April 23, 2002

SPEAKING OF WHICH... Random reflections


Random reflections from the funeral today:

Couldn't have asked for better April weather for Toronto. Thanks for that, Big Guy. Great turnout from the public. Could have been a few more Toronto soldiers there (don't get me wrong, there were a lot, but there could have been still more), but I know the message about when and where the funeral was had only gone out to them the morning before, and it's hard to turn that stuff on, even in 24 hours.

You can always tell the guys who they bring back from foreign deployments for these things, as opposed to the home-stationed soldiers, it's the Indian-brown tans. I should talk. After 8 hours of standing outside on a cloudless day in a beret, I look like I'm half-full, again. I swear I could get a sunburn in a snowstorm, though. I saw a ghost the other day; he told me I looked kind of pale.

The media (which were my problem today) were GREAT. I really mean that. My colleagues and I made sure we treated them like adults, and they responded with a beautiful and reassuring decorum. Everyone is afraid the reporters are going to ruin stuff like this, but they're also afraid if they don't show up. For whatever reason, maybe because I've spent time on both sides of the journalist/PR divide, I have rarely experienced serious problems with journalists disrupting ceremonies, or ambushing dignitaries, or getting run over by the procession, the way everyone else (particularly the MPs) is always worried about. A little politeness, a little preparation, a modicum of initiative, and a bit of situational awareness on the part of the media officer is all you need, and these things go just fine. Maybe I'll return to this later, with some suggestions for handling big media events, if anyone's interested.

Having heard more about Cpl. Ainsworth Dyer, I'm even more sorry I didn't have the pleasure of knowing him. Until his untimely death, he was practically a poster boy for what so many of us always hoped Canada's army could become. A black immigrant kid from literally the worst, most drug-ridden neighbourhood in Toronto, he joined the local reserve unit for a summer, and stayed. The guy was a tank, famously finishing a race with a broken foot; he was also enough of a gentleman to win the love of a corn-fed Alberta blonde. The army was his way of getting out of what in the States would probably be called the "projects:" when the army reserve proved too small for his ambitions, he went for the full-time gig, joining the Patricias. In Bosnia and then Afghanistan, he did his duty; and then he died, leaving his poor father, who he loved and looked after, horribly alone.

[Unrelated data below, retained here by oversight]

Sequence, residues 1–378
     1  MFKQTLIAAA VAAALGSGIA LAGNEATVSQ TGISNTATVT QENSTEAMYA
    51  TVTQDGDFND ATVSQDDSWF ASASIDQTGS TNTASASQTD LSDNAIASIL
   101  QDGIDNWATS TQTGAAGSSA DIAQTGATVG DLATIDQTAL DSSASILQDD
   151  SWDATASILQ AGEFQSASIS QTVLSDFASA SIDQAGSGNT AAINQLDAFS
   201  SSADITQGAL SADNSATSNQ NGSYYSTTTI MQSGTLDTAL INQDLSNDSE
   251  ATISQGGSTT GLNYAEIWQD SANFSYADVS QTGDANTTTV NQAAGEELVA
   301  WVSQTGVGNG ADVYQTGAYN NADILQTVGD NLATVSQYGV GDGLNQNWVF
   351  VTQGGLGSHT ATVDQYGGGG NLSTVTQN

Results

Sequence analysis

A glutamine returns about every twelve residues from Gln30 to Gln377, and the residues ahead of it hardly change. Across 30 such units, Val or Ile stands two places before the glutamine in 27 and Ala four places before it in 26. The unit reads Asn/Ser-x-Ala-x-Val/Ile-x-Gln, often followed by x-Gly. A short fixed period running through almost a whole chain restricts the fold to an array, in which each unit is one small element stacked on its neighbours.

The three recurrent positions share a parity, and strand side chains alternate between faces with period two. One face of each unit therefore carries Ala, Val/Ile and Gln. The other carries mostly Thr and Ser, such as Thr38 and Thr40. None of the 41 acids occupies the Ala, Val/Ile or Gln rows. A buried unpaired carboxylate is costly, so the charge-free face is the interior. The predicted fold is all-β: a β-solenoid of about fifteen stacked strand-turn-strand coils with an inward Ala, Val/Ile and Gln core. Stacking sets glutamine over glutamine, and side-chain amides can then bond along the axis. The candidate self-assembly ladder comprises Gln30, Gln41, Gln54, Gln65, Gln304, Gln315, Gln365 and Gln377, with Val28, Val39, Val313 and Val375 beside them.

You've got to understand one thing. The other three Canadians who died, they were no doubt good men, too, but they fit more of the general pattern. The Regular Force has for generations recruited the desperate young (and generally white) Canadian men from rural Canada: the second and non-inheriting sons of farmers and Newfoundland fishermen, or those vaguely more romantic souls who can't stand the idea of a career in a Sydney coal mine, or the iron mines of Wawa... or those from the neck of the woods where I grew up. That's their staple: that is, maybe, how it will always be. But the army, for whatever reason, despite all the money spent on anti-discrimination initiatives, has never really penetrated as a career option into the awareness of the urban poor, or the recent immigrants from countries of a different hue.

Any study of Canadian Forces ethnic mixes normally only gets politically acceptable numbers if it factors in the big city reserve units, who, because that is all they have to recruit, have that particular market a little more figured out. There is no comparison between the lists of names parading any night in a polyglot Toronto or Vancouver armoury and the more traditional English and French last names one sees in the nominal rolls of a unit like the Patricias. My colleagues have spent a lot of time trying to think of new ways to make those ratios a little better: we know from history what happens when only one portion of a country's population makes up the majority of its soldiers.